Citing a new report that found prescription drug spending reached $457 billion in 2015, the federal government announced it will test new Medicare Part B payment models to try to tackle those spiraling costs.
The Centers for Medicare & Medicaid Services (CMS) says its proposals will create incentives for patients and physicians to select lower-cost, high-performing drugs that are administered at medical facilities, as well as test new ways to reward positive outcomes.
Under one of its proposals, CMS said it will pay providers the average sales price of a drug plus a 2.5 percent add-on and a flat payment of $16.80 per day per drug. Currently, Medicare Part B pays providers the average sale price plus an add-on fee of 6 percent, which CMS says can incentivize them to prescribe higher-cost medications.
CMS also will test other proposals, including those that would:
- Discount or eliminate patient cost-sharing to improve their access to the most effective drugs
- Create evidence-based clinical support tools that could provide information about how a clinician's prescribing patters align with regional or national trends, and/or best practices for prescribing
- Vary payments for drugs according to clinical effectiveness for different indications to "pay for what works for patients"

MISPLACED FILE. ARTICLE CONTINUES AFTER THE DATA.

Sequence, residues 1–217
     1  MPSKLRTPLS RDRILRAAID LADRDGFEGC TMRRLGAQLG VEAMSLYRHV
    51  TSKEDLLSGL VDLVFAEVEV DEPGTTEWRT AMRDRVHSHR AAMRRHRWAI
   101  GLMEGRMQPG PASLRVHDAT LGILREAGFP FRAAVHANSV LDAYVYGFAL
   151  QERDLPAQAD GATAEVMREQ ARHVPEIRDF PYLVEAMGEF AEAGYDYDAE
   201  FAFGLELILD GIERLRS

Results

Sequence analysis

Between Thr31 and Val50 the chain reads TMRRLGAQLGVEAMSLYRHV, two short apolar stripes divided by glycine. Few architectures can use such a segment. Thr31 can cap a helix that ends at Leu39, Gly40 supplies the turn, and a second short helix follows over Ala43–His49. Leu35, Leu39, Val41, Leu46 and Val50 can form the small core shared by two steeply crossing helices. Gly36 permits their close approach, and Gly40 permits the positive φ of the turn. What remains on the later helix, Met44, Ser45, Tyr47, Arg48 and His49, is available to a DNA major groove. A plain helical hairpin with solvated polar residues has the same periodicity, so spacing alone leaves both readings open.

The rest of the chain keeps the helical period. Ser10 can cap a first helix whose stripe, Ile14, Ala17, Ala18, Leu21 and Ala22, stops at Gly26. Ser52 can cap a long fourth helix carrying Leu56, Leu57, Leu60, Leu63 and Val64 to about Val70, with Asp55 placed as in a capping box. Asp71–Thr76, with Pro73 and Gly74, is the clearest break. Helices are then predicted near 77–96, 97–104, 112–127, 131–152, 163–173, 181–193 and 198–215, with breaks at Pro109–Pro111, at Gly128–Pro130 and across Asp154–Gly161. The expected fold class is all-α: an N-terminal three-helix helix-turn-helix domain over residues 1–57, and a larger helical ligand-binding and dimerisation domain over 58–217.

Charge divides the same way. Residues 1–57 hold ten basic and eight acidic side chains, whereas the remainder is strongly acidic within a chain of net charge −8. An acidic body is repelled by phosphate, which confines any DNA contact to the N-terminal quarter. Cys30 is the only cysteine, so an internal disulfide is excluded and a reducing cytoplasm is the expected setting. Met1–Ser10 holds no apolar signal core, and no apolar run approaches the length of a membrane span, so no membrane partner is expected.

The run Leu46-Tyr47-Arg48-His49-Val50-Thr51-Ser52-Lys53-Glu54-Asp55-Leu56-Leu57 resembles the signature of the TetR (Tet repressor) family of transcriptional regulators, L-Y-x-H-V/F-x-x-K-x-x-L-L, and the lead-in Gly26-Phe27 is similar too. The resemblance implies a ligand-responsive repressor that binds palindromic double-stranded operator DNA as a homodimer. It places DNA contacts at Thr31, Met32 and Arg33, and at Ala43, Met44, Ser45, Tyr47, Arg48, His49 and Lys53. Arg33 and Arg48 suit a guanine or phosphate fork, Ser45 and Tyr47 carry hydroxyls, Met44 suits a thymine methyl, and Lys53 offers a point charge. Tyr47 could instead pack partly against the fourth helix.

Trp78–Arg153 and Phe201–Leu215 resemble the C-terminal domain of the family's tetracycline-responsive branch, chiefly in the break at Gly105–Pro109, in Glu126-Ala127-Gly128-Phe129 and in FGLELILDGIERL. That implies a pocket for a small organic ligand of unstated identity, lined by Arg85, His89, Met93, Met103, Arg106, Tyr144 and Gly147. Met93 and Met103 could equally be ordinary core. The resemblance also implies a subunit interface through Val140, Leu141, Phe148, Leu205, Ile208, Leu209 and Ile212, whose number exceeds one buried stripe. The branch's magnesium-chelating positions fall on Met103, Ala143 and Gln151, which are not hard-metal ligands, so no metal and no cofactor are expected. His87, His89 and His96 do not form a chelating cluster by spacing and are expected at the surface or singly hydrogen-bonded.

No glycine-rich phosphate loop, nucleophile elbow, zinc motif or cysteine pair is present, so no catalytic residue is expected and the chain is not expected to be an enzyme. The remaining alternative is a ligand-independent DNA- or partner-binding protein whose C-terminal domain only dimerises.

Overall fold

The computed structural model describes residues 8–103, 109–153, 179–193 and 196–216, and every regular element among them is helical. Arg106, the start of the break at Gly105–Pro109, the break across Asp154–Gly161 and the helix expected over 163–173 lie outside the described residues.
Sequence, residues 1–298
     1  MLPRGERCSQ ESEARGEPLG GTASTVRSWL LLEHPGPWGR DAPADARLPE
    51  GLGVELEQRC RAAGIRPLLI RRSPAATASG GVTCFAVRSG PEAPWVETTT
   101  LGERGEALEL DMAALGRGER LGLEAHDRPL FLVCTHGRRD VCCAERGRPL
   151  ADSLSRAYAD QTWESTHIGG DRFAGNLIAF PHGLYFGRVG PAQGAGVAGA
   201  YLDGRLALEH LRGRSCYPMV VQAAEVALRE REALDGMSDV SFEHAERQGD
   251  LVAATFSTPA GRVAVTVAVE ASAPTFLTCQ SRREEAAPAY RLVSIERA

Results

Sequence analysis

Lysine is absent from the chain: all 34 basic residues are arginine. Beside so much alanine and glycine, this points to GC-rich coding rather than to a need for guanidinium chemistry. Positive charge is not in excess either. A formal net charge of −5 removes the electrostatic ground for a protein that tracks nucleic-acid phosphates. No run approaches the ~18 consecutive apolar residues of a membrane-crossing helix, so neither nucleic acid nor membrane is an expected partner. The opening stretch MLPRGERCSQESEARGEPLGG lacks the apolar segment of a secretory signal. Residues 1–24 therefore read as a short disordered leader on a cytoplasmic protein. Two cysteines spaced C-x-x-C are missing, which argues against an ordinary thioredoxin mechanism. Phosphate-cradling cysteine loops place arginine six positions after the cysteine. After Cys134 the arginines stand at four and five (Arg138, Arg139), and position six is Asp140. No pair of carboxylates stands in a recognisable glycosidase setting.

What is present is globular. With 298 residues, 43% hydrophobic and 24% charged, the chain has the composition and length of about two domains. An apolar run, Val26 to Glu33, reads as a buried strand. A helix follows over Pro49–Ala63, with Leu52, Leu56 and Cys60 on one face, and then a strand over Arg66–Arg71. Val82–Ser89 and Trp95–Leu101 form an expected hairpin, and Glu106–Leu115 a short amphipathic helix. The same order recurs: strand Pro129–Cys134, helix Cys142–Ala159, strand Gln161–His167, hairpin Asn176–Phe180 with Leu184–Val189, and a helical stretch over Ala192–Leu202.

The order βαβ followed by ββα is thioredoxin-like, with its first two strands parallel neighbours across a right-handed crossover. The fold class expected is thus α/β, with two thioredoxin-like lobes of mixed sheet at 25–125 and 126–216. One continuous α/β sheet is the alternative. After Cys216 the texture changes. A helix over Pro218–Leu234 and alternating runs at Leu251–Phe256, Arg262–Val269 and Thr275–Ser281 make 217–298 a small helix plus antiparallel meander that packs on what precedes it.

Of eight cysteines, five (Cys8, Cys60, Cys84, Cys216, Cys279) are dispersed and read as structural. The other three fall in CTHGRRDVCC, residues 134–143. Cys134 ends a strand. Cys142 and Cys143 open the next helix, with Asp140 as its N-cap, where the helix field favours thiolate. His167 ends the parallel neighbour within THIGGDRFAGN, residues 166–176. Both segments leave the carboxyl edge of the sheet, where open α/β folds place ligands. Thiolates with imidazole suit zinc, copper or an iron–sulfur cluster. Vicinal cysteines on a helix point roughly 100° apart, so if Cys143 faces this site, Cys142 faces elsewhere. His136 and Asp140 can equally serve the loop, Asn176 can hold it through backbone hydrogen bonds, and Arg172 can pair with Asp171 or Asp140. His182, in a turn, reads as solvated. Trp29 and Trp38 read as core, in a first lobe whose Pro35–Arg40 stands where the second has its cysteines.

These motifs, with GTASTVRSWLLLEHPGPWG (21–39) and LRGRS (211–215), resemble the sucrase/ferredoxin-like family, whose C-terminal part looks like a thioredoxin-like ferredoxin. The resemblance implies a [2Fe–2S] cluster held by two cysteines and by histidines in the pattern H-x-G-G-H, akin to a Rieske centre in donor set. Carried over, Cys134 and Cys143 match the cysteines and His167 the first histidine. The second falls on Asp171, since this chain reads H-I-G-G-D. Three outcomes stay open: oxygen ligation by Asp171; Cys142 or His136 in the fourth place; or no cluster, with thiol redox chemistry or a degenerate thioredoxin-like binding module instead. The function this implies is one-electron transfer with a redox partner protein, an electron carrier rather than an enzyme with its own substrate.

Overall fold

- Set a standard payment rate for a group of therapeutically similar drugs
- Allow CMS and pharmaceutical manufacturers to enter into agreements that link drug prices with patient outcomes
CMS says its evaluation of the new model to run for five years, and it will require all providers and suppliers furnishing and billing for Part B drugs to participate--though what test each participates in will vary in order for the agency to measure what works best.
"These models would test how to improve Medicare beneficiaries' care by aligning incentives to reward value and the most successful patient outcomes," Patrick Conway, CMS chief medical officer and deputy administrator for innovation and quality, said in the announcement. "The choice of medications for beneficiaries should be driven by the best available evidence, the unique needs of the patient and what best promotes high-quality care."
The debut of the new models dovetails with the release of a report from the Department of Health and Human Services that estimates prescription drug spending accounted for 16.7 percent of overall personal healthcare services in 2015, and will continue to rise faster than overall health spending. In addition, the report says, spending on specialty drugs is rising more rapidly than it is on other types of drugs.
Already, however, CMS' new proposals have received some pushback. The trade group Pharmaceutical Research and Manufacturers of America said in a statement that making such "sweeping changes" without stakeholder input "is not the right approach and puts Medicare patients who rely on these medicines at risk."
Some providers also disapprove. "It is an understatement to say that this latest CMS initiative is misguided and a perilous cancer care policy," Ted Okon, executive director of the Community Oncology Alliance, said in a statement. "It will only serve to accelerate the consolidation of cancer care into the more expensive hospital setting and undermine the physician-patient collaboration on the treatment of cancer."
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